Weather of Arabia - A county in the US state of Florida, which was severely damaged by Hurricane Ian last month, witnessed an increase in the number of cases of human flesh-eating bacteria and the resulting death.
Officials in Lee County, which was the meeting point of the Category 4 storm with land on September 28, confirmed that the number of infections with this type of bacteria reached 29 cases, in addition to four deaths, and those cases, except for only two, were discovered after the hurricane that swept the region. .
Vibrio faltifix infection is transmitted by the entry of this type of bacteria into the body through open cut wounds.
These bacteria live in warm, highly saline waters such as stagnant flood waters.
Read also: Hurricane Ian: The death toll in Florida has risen to more than 90
A spokesman for the Lee County Public Health Authority said last Monday that "the Lee County Public Health Authority in Florida is monitoring the abnormal increase in the number of cases of Vibrio faltifix infection as a result of exposure to stagnant floodwaters left by Hurricane Ian."
The statement urged residents of the area to "be aware at all times of the potential risks that may result from exposure to superficial and cut wounds and scratches in the skin to warm, highly saline water, and salt water in general."
"Sewage intrusion, caused by Hurricane Ian, may lead to increased levels of bacteria. As the situation evolves in the post-cyclone period, people should take preventive measures against infections and diseases that may be caused by Vibrio faltifixes," he added.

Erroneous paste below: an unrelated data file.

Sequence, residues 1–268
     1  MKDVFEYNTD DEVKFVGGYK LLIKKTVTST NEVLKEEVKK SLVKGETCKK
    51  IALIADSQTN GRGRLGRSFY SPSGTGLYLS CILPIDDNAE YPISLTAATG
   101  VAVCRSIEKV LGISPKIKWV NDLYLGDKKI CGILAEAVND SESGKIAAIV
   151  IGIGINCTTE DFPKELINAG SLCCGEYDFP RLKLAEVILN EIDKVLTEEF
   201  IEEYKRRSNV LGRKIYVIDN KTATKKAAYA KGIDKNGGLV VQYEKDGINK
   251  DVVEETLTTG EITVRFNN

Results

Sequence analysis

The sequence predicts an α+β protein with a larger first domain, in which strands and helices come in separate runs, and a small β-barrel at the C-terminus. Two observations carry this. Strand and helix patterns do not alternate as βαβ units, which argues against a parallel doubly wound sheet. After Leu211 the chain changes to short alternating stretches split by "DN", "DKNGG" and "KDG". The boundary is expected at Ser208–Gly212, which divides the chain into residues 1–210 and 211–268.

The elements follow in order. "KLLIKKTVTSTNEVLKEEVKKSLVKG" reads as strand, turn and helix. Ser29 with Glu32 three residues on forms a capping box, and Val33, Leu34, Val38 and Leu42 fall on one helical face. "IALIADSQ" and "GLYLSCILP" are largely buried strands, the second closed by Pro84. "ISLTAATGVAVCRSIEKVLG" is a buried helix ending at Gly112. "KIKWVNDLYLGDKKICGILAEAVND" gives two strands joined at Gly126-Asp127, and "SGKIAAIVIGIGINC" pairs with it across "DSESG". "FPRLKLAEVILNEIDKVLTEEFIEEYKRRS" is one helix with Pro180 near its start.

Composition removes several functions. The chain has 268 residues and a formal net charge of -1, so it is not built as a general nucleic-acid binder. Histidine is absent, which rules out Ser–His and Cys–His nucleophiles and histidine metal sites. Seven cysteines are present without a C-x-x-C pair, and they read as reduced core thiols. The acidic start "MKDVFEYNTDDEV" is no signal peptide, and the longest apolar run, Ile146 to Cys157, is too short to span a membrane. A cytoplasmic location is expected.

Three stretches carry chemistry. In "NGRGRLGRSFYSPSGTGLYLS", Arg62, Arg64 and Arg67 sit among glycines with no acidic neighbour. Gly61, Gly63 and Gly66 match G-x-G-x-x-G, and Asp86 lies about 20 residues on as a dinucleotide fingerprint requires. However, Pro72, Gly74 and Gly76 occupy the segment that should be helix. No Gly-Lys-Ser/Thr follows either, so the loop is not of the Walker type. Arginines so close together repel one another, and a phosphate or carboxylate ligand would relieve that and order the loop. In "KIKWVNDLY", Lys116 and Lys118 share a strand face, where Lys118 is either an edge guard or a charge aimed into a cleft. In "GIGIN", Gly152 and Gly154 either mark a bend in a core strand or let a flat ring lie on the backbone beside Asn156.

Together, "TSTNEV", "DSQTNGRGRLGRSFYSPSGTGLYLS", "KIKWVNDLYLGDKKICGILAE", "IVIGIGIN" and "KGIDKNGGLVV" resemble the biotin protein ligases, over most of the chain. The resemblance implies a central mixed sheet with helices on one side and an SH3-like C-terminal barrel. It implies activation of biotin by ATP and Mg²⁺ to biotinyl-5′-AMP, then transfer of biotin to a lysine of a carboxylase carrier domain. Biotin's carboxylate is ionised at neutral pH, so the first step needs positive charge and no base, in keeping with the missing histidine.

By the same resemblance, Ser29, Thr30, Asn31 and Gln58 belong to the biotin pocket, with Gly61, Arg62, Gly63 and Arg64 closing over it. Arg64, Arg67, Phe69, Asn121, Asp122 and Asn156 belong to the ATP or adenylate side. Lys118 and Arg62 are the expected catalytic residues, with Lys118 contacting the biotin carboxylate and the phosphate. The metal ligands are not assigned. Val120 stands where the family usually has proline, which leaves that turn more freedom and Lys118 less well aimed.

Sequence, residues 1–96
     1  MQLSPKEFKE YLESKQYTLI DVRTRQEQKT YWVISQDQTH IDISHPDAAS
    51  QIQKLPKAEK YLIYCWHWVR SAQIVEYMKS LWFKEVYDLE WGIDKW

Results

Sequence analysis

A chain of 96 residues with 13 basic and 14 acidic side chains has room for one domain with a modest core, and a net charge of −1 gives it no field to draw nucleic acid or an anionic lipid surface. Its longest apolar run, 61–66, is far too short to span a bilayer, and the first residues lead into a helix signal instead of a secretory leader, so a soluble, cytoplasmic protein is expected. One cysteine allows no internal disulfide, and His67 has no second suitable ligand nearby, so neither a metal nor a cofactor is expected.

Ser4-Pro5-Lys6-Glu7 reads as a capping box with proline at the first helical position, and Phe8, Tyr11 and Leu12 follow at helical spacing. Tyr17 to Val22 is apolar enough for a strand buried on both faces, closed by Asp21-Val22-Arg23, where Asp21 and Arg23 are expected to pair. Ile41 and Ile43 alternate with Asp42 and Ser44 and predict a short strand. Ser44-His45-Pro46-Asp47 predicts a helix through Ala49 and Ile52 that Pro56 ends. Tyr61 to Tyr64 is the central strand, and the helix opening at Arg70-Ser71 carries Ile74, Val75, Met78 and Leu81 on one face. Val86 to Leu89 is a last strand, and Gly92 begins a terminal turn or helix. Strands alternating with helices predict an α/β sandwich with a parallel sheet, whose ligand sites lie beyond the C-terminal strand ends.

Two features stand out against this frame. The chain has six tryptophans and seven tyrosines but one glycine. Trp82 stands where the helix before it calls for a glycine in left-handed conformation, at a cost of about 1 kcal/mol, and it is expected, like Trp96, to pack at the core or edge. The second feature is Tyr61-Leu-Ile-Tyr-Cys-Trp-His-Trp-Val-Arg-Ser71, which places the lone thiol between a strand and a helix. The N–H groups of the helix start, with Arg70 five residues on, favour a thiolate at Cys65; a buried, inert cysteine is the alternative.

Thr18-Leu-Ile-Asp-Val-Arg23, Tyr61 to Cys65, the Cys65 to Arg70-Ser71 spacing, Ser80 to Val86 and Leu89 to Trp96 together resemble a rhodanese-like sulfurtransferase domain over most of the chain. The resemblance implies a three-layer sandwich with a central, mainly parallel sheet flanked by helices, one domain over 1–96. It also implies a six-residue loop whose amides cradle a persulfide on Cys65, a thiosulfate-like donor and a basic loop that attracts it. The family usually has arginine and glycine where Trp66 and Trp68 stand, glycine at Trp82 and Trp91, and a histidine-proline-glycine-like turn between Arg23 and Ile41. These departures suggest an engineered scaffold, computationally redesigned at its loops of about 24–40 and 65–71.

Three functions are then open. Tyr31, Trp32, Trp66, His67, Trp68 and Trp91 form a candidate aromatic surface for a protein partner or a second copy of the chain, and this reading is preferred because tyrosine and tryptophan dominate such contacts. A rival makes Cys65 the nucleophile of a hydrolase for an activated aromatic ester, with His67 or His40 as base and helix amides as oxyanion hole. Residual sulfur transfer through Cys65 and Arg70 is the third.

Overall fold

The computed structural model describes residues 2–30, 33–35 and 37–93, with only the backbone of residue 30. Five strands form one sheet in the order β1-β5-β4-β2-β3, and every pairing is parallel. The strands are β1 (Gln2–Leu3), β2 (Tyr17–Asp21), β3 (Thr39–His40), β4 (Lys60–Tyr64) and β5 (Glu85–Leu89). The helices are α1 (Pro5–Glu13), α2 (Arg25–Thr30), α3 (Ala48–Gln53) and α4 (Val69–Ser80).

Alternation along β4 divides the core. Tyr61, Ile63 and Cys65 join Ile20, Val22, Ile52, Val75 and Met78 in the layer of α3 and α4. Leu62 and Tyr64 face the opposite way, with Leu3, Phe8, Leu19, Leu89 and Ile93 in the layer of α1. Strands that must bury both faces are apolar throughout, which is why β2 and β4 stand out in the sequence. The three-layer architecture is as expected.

And three cases appeared in Collier County, south of Lee County, Florida, which officials said were likely to have been infected by storm-related causes.
And 11 people have died from this type of infection in Florida this year, in addition to 65 people have been confirmed to have this infection so far, according to data issued by the state's health authorities. Officials suggested that about half of this number of cases were infected with this bacteria as a result of the hurricane.
The state of Florida recorded 34 cases of this infection, in addition to 10 deaths from infection in 2021. The relevant health authorities also suggested that this type of bacteria was the cause of the death of 7 people in 2020.
These bacteria are also called "flesh-eating" because they cause necrotizing skin infection, a condition that causes tissue damage, but it's not the only species that causes it.
Statistics from the Center for Disease Control and Prevention in the United States indicate that one in five people infected with Vibrio Valtifix will die a day or two after becoming ill.
The infection may cause sepsis, and treatment providers may resort to amputation to prevent the infection from spreading to other parts of the patient's body.
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